On April 15th, my social media feeds were filled with photos and videos of the tragic flames consuming the beloved Notre-Dame of France. This famous cathedral that beautifully stood for centuries in the heart of Paris fell within hours. What thousands of artists and artisans perfected over hundreds of years was defaced in a moment. And, the world was watching.
Though no lives were taken, the scene was still horrific. Why?
The structure was meaningful in so many ways to so many people. To some, it was the very soul of France. To others, it was a prime example of French Gothic architecture. Whatever impression it had, the general reaction was grief and anger. The response of the people was an outcry for resurrection, which has been promised by the French President Macron.
A day before, the Notre Dame fire, another momentous event took place.
Since 2008, Tiger Woods has not won a major golfing title. With scandal and injury, the talented golfer has been on the downhill wondering if recovery was even possible. With new talent coming in every year, the name of Tiger Woods was nostalgic at best. All conversation of whether or not Tiger would exceed Jack Nicklaus’ major title record was dismissed until this past Sunday rolled around.
Tiger shot exceptionally well through the Master’s tournament in Augusta, GA. All of the limelight fell on him as he climbed the ranks into first place. It seemed like the whole nation was rooting for him. On the final shot, Tiger stood a few feet away from the hole and tapped. The crowd was silent until the ball found its home. Upon the cheers and a fist-pumping Tiger, the announcer shouted, “The return to glory!”
So, what does Notre Dame and Tiger Woods have to do with Holy Week?
Nothing really 🙂 But, with Easter on the horizon, my soul could not help but draw a parallel to Christ’s death and resurrection.
In the times of Christ, the temple was like Notre-Dame. The Jewish community placed so much significance and prestige on it. So, when Jesus claimed that something greater than the temple was here, many were outraged. Even more so, when Jesus said, “Destroy this temple, and in three days I will raise it up”, many were confused because he was talking about his body.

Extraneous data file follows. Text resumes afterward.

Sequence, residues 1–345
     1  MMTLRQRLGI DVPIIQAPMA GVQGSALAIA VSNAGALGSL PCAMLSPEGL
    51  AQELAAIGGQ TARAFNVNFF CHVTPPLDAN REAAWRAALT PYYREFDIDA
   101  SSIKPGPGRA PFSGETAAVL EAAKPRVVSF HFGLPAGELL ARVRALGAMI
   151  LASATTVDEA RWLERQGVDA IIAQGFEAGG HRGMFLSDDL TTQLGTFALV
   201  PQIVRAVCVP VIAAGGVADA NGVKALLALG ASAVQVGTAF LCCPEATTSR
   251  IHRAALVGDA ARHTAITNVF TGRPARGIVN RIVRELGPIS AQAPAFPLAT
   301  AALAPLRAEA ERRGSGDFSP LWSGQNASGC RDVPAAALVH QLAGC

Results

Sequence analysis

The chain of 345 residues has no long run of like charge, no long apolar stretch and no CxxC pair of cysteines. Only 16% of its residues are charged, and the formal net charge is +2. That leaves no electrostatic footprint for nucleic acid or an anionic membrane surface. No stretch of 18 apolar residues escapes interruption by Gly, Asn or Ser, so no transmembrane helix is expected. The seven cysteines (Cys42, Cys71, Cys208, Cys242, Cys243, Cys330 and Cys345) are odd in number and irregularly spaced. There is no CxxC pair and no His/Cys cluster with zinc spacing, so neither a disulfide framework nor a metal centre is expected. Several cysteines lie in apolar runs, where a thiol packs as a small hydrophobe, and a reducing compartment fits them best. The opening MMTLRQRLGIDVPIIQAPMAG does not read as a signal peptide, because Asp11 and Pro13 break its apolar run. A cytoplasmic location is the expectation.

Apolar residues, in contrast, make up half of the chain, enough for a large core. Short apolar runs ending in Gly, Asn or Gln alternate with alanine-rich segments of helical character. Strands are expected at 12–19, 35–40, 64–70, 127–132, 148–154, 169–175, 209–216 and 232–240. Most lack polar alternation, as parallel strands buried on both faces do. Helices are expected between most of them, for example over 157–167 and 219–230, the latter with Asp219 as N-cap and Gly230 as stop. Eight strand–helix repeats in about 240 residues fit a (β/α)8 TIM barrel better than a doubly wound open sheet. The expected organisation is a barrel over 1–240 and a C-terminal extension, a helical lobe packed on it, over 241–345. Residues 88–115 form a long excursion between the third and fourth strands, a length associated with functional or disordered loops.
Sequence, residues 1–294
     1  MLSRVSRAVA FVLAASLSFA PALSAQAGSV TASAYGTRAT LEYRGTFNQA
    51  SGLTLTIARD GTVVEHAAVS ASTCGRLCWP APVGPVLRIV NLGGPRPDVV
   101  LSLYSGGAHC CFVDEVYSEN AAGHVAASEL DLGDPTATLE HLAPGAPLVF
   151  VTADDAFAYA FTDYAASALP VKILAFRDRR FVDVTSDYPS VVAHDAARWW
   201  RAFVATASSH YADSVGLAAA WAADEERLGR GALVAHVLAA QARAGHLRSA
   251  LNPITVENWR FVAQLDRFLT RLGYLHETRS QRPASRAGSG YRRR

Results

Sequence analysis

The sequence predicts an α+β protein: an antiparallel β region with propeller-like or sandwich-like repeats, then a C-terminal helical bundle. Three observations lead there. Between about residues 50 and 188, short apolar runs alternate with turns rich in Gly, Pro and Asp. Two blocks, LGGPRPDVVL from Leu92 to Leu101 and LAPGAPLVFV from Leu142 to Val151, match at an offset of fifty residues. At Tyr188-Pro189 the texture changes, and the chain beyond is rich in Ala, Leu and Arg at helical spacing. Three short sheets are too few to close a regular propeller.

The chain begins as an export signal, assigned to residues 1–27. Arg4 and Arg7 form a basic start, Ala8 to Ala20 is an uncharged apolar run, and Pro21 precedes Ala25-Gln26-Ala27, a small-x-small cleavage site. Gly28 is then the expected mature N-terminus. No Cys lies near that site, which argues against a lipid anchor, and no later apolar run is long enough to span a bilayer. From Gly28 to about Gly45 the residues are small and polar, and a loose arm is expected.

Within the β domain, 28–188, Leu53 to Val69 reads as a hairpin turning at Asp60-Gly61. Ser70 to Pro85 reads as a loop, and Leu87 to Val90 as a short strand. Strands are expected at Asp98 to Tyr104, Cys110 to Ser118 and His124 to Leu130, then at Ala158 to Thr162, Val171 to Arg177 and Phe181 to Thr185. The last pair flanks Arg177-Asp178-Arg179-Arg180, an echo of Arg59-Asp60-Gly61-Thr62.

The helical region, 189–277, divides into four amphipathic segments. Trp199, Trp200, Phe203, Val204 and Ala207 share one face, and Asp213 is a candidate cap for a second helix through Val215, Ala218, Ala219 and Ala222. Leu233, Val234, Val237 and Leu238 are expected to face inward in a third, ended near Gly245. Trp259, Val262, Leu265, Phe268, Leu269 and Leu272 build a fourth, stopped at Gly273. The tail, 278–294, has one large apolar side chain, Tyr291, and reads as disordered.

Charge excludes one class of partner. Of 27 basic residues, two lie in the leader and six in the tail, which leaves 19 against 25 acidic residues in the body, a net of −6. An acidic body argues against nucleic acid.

The shift from the significance of the temple, as a place of worship, to the importance of the body of Jesus is one of my favorite thematic developments in the Bible. No longer would the people of God rely on bricks and mortar for worship but in a person! And this new temple of God, which had been in the making since the Garden of Eden, was destroyed in a moment. And, like Notre-Dame, some were in mourning. But, thanks be to God, Christ was raised from the dead and returned to glory far exceeding anyone’s golf game.
It doesn’t matter if all the churches in the world burn down. The Church is not a building! It cannot be destroyed because Christ cannot be destroyed. Death has no claim on him! And, those who are united to him, he will never cast out. Whatever glorious resurrection the French government can muster for Notre-Dame, it cannot even begin to measure up to the glorious resurrection the church will experience.
The mission of Holy Week is summed up in Hebrews 2:9–10, “But we see him who for a little while was made lower than the angels, namely Jesus, crowned with glory and honor because of the suffering of death, so that by the grace of God he might taste death for everyone. For it was fitting that he, for whom and by whom all things exist, in bringing many sons and daughters to glory, should make the founder of their salvation perfect through suffering.”
Christ suffered, died, and was raised from the dead in order to bring many to glory.
Continuing this mission, Christ has commanded his people to go out into the world discipling, baptizing, and teaching all the nations. Though churches like Notre-Dame are built in this mission, the state of the church does not rest on pebbles but on people. I hope that this year’s Easter celebration would inspire you to ask “how am I participating in the mission of the Church”.
Written by Staff Writer Cody Irwin